VA Gov. Northam signs historical racing law to “reinvigorate” racing industry
Colonial Downs. Photo by Nick Hahn.
by Frank Vespe
Talk about a case of “better late than never.”
Virginia Governor Ralph Northam waited until the very last day, but at last, on Monday, he signed legislation to allow “historical horse racing” machines in the Commonwealth. The law takes effect July 1.
“I was pleased to sign House Bill 1609 into law,” Northam wrote in an “executive directive” to the Virginia Racing Commission regarding regulations it must adopt to implement the new law. “I am hopeful that this legislation will reinvigorate the horse industry and allow thoroughbred racing to return to Virginia.”
“Everyone is very pleased,” agreed Jeb Hannum, executive director of the Virginia Equine Alliance, the umbrella group representing the state’s Thoroughbred, harness, and steeplechase horsemen and breeders. “Now we have to roll up our sleeves and really get to work.”
Though the delay in signing the bill had given some in the racing community a case of angst, Hannum said there was “not much to read into” it. He pointed Northam had, for example, previously indicated support for the bill.
Historical racing machines, which to users feel essentially like slot machines, use previously contested races to generate the winning numbers. Racing advocates have said they could mean millions more for racing purses – perhaps “$6 million to $10 million more than we could do ourselves” via off-track and advance deposit wagering, according to Debbie Easter of the Virginia Thoroughbred Association, which represents the state’s Thoroughbred breeders.
Of perhaps even greater importance: the new law is expected to lead to the reopening of Colonial Downs, the state’s lone traditional Thoroughbred race track, which is located between Richmond and Williamsburg in New Kent County. Advocates have said that Colonial could hold a brief live meet as soon as 2019.
Colonial held live racing from 1997 through 2013. But it hasn’t raced since, the result of an acrimonious dispute between track owner Jeff Jacobs and the state’s horsemen.
The law permits historical racing machines to be placed at Colonial and at off-track wagering facilities (OTBs) in the state. There currently are four OTBs in the state, two in the Richmond area, one in Chesapeake, and one near Martinsville. State law allows up to 10 OTBs.
A study commissioned by advocates of the legislation estimated that by 2022, historical racing machines would generate some $160 million of revenue for the owner of Colonial Downs, which by then would host 25 days of live Thoroughbred racing annually.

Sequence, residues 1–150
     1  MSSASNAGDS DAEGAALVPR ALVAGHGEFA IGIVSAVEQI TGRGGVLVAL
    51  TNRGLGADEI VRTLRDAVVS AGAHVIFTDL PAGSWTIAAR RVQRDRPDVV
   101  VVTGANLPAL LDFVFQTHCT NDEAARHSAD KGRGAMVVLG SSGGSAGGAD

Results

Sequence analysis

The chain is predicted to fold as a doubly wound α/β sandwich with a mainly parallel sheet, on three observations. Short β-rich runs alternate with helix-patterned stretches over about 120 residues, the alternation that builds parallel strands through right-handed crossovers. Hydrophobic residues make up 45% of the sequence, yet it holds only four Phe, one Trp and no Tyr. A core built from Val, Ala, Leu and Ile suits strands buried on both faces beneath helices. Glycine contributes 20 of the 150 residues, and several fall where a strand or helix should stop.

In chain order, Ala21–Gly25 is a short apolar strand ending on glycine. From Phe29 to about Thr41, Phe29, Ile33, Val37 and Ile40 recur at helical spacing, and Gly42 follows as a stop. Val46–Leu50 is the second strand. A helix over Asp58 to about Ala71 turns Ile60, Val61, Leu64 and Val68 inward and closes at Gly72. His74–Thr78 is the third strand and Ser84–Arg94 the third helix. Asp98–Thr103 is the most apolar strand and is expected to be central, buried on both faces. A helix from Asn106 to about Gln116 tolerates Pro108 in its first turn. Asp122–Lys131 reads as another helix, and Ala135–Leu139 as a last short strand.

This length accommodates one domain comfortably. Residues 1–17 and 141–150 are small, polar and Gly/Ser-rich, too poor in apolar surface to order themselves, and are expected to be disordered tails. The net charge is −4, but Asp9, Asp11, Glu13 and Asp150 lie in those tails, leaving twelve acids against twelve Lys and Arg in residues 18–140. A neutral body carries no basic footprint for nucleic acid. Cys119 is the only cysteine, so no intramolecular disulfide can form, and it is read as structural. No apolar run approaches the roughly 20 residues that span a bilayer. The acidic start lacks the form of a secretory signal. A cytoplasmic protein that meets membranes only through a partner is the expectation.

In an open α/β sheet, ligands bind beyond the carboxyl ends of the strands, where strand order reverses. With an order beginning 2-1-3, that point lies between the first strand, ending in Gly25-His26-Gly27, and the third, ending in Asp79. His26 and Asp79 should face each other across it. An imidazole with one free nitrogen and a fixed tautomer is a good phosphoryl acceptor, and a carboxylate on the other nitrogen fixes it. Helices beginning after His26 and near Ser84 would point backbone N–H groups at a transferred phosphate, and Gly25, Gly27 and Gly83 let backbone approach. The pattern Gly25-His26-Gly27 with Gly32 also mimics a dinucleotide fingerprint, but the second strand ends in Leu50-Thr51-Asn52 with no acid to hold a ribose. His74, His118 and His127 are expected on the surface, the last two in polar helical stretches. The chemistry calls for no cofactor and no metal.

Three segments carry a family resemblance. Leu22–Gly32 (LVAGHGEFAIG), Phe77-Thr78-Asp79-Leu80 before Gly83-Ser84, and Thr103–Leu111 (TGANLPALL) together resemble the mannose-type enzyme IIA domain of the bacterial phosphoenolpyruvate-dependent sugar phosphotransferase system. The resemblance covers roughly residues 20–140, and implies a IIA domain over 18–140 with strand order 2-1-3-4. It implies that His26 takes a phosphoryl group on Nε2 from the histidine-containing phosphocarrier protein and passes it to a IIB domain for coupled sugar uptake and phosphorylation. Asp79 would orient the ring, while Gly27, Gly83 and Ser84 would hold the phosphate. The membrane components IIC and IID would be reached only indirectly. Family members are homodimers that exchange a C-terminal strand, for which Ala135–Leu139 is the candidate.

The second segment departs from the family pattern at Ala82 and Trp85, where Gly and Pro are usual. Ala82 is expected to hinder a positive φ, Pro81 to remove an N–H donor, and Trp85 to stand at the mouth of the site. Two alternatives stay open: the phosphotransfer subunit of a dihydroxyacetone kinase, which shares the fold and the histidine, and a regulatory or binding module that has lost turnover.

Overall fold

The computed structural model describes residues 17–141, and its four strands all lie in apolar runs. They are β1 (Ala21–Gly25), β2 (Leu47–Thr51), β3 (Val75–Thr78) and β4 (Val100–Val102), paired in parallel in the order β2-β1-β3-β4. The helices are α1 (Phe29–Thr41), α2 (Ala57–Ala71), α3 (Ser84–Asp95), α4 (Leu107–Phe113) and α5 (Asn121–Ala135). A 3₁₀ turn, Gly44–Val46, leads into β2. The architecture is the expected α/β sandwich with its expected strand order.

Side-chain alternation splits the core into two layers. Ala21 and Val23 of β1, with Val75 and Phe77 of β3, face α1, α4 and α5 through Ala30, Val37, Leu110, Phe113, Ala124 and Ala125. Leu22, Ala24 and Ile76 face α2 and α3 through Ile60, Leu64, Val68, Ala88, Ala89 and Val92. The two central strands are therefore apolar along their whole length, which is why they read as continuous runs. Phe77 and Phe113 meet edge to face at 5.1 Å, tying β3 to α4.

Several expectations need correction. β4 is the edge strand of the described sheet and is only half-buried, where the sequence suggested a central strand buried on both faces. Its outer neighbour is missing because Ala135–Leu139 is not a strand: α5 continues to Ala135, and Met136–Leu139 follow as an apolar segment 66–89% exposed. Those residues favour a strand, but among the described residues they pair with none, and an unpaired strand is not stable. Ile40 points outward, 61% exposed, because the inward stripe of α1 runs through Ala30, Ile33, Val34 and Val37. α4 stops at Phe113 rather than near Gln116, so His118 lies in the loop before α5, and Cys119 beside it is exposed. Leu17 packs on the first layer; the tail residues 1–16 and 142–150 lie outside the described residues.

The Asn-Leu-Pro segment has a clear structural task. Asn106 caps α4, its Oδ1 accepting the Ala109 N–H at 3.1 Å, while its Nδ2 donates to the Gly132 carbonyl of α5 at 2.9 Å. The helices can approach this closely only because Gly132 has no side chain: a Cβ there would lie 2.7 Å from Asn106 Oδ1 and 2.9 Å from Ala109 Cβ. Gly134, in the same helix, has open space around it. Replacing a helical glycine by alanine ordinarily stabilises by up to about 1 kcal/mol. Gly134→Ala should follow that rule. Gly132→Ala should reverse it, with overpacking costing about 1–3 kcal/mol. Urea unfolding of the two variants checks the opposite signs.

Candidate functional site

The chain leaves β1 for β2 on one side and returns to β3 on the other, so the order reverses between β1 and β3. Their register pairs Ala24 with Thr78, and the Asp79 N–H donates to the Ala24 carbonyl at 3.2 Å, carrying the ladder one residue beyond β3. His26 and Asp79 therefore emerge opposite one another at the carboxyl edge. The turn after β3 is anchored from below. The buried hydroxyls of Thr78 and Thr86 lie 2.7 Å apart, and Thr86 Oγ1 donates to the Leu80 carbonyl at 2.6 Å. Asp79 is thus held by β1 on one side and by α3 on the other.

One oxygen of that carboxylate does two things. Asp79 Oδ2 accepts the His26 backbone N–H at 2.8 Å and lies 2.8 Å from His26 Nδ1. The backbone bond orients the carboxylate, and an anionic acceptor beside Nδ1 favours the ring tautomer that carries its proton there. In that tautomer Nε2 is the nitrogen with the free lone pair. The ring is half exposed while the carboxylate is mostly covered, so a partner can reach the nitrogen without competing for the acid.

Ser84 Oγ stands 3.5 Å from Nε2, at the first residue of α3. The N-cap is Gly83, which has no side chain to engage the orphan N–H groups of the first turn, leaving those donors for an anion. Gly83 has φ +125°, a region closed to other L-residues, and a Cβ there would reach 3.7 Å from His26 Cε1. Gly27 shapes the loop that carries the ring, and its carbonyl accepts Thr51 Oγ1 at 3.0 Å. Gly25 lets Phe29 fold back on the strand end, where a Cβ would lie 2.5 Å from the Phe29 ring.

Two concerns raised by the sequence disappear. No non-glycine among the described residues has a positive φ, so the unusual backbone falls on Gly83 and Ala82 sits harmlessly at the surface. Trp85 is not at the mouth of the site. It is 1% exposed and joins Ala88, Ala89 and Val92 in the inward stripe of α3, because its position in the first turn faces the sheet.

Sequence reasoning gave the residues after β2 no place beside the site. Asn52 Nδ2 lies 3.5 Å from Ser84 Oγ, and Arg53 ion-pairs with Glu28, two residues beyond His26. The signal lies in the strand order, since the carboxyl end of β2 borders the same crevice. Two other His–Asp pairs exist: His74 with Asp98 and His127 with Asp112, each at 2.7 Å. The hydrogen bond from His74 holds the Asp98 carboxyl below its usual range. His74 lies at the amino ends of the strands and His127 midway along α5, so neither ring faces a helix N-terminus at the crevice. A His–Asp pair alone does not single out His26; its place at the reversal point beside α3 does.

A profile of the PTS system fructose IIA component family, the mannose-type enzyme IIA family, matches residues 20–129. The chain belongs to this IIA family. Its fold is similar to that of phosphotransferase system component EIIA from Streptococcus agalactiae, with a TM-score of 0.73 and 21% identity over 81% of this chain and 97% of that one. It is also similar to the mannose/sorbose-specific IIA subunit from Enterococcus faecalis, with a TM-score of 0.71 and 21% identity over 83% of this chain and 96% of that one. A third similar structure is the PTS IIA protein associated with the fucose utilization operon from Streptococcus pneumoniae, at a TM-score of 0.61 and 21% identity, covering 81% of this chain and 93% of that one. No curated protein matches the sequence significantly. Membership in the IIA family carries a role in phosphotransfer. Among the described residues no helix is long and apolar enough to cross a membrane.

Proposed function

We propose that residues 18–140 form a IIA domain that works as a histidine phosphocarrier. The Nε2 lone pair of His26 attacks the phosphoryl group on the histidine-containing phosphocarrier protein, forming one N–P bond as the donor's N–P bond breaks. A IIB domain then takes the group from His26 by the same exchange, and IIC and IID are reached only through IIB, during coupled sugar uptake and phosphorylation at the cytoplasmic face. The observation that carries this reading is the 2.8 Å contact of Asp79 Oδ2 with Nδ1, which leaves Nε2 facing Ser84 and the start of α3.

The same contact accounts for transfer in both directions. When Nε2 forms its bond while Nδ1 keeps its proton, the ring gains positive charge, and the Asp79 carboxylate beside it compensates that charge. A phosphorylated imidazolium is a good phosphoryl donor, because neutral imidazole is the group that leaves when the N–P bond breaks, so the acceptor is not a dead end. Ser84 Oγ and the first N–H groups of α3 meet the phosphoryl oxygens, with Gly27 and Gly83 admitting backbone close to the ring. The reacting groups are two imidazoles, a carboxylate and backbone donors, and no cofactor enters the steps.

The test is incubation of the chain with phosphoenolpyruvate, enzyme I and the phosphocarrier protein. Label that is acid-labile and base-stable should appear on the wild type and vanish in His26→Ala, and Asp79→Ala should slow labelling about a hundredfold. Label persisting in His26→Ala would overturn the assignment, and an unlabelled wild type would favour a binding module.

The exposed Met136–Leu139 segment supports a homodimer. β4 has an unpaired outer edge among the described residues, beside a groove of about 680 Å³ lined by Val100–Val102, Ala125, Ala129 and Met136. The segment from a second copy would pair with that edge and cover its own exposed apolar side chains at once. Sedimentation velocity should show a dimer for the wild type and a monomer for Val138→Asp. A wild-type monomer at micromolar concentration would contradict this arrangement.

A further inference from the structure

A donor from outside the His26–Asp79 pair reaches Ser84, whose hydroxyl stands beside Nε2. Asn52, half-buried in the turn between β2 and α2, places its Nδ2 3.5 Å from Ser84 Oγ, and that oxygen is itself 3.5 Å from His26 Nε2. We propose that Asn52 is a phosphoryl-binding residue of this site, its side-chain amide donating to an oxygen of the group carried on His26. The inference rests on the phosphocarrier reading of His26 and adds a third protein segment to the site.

But there’s a lot of work to be done to get there.
For one thing, there’s the sale of Colonial. A Chicago-based group called Revolutionary Racing reportedly has a contract to buy Colonial and its assets and is expected to close on the deal in the next month or so, Hannum said.
His group, the VEA, has a memorandum of understanding with Revolutionary dealing with items such as the distribution of proceeds from the historical racing machines, “a framework for live racing,” and other matters.
There are, he said, a number of “details we need to get finalized.” Those include the management and build-out of the OTB network.
And of course, the state Racing Commission has 180 days after the law becomes effective to adopt implementing regulations. In his directive, Gov. Northam called on the Commission to place “reasonable limitations on the proliferation of gaming in Virginia… to ensure the safety and welfare of the people…” and to consider “local community opinions.”
In the longer run, the state’s horsemen’s group, the Virginia Horsemen’s Benevolent and Protective Association, will need to finalize a contract with Colonial’s new owner governing the import and export of simulcast signals.
And state racing interests will need to find a spot on the racing calendar that makes sense. Prior to its shuttering, Colonial Downs had for a number of years run during the summer, when the Maryland Jockey Club did not run. The MJC, however, now runs virtually year-round, which will make finding the right time more complicated.
All of those, however, are problems for a different day. For now, Virginia’s racing interests have something for which they’ve been searching since Colonial closed: a path forward.
“The industry worked very hard, and everyone came together for this,” Hannum said. “We appreciate the support of horsemen up and down the state.”